Lastly I asked Syd White: "what would you recommend neurotypical people do to get a better understanding of autistic people and spread awareness?" to which he replied: "Stop infantilizing autistic people and actually listen to them... neurotypicals should be deferring to autistics on autistic issues, stop supporting Autism Speaks and learn why it’s bad. Seriously, even just go on TikTok and watch videos by autistic creators about this stuff, because contrary to popular portrayal autistic people have thoughts and opinions and are human in the way that we are complex and sentient, not something for you as a neurotypical to demonize or infantilize."

So what should we do about harmful films like Sia's Music? Unfortunately, a lot of the damage has already been done. If you're a parent I would strongly advise not to let your children watch this, instead educate them about autism through sources that are more accurate such as the Autism Society of America and the Autism Awareness Centre. Avoid Autism Speaks at all costs. Despite the harm this movie is capable of I would advise people not to attack any of the actors as I believe the intentions of Kate Hudson, Leslie Odom Jr and 15 year old Maddie Ziegler were not malicious and that their involvement is mores a result of ignorance rather than genuine spite. In the meantime, educate your children, educate your friends, and especially educate yourself. Look online, there are so many autistic and neurodivergent creators on sites like Youtube, Tiktok, Instagram etc who offer much better incite on what it's like to deal with their conditions.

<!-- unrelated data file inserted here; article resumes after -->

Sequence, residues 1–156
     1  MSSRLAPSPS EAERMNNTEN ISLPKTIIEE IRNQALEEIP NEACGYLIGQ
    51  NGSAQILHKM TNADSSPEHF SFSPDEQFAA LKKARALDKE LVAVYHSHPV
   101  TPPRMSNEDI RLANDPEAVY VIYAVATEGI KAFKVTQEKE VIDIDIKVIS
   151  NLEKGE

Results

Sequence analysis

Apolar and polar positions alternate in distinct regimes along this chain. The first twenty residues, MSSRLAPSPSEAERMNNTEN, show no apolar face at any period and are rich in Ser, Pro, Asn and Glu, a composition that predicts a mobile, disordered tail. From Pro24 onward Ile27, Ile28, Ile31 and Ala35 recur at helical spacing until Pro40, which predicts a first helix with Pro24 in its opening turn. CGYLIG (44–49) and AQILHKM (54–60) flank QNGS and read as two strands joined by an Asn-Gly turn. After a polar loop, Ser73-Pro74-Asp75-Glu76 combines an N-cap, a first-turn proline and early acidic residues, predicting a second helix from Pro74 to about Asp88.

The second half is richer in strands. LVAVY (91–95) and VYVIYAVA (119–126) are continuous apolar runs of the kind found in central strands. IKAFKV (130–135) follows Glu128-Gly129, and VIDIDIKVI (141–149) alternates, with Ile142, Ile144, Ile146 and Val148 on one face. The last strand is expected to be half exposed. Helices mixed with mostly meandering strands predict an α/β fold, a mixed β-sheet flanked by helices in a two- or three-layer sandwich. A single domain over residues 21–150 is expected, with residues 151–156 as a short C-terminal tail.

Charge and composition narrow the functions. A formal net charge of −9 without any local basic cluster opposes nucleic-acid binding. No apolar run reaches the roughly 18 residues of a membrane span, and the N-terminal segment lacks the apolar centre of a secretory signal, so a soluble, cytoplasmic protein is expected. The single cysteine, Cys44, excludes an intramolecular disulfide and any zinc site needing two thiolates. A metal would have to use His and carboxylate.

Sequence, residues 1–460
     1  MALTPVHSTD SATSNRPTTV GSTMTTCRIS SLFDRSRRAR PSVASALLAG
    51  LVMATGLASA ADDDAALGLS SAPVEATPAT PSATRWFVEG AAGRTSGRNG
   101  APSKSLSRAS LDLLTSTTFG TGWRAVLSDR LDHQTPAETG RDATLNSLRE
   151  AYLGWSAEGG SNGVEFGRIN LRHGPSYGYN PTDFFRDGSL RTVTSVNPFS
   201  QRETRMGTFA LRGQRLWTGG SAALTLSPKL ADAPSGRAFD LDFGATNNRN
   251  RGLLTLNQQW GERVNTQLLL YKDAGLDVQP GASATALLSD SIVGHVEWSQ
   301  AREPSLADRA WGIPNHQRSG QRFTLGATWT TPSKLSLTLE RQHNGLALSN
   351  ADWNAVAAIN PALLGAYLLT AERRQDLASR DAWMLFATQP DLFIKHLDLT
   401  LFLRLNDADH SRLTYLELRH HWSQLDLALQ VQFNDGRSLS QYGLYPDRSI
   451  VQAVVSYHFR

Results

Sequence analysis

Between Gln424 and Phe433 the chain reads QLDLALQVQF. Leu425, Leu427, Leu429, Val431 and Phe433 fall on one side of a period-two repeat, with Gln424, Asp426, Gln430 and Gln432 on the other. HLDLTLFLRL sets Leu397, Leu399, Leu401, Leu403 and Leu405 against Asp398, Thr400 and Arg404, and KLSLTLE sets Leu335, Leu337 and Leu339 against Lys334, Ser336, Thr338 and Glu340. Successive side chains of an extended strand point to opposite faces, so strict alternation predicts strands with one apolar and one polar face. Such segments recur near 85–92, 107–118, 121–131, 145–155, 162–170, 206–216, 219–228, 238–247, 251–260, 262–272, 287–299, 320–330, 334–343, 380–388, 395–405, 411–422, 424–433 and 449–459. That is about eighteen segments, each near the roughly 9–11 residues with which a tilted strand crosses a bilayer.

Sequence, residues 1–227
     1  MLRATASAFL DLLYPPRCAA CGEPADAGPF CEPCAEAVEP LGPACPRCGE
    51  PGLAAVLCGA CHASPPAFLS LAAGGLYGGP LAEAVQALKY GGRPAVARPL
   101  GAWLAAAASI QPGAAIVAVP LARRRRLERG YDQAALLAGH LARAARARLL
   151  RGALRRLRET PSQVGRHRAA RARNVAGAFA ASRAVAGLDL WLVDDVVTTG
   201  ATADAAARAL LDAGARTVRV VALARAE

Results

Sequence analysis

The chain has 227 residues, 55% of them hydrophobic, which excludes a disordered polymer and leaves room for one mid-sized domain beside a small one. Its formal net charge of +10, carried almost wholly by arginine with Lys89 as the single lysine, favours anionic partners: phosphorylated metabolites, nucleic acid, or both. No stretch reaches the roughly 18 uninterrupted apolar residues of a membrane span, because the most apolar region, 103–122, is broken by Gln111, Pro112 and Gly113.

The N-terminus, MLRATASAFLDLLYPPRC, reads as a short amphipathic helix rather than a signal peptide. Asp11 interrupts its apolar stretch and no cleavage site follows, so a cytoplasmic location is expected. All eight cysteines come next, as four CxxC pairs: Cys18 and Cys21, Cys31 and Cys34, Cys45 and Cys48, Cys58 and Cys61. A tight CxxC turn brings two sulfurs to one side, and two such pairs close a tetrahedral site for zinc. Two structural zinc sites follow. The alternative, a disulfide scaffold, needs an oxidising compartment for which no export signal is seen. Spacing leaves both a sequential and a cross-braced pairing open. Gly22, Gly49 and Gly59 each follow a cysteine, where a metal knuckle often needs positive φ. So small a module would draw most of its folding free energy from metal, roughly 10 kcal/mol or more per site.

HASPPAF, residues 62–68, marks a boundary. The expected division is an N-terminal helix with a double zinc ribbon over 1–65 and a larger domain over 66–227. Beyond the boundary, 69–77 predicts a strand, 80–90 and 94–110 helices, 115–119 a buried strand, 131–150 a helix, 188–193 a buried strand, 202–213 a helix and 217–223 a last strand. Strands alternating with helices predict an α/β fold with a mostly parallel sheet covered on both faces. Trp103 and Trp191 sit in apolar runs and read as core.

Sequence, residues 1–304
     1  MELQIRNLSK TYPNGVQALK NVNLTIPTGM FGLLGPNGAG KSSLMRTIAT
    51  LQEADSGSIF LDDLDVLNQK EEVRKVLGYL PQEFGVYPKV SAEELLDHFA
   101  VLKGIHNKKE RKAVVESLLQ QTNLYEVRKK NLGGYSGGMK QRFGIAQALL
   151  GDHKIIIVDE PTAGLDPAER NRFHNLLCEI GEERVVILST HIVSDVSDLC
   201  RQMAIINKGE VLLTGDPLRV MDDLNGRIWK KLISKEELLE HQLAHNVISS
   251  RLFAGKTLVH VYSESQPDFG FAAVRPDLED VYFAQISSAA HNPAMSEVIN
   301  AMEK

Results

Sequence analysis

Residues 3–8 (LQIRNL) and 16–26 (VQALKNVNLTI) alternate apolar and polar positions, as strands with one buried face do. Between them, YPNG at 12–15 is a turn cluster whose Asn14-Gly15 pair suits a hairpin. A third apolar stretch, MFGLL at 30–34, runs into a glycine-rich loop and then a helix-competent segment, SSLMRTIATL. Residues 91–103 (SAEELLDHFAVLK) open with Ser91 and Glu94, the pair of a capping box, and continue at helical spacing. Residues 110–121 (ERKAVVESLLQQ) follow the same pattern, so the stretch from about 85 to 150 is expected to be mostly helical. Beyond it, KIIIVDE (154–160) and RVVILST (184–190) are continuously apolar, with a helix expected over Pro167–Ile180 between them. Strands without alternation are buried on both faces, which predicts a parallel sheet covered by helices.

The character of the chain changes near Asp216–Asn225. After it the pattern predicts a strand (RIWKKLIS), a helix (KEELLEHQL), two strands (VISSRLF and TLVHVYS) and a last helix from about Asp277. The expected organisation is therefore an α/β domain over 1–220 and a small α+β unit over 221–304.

Lastly, I want to give a big "thank you" to Syd White for agreeing to be interviewed and expressing his views on the film.

123 views0 comments


bottom of page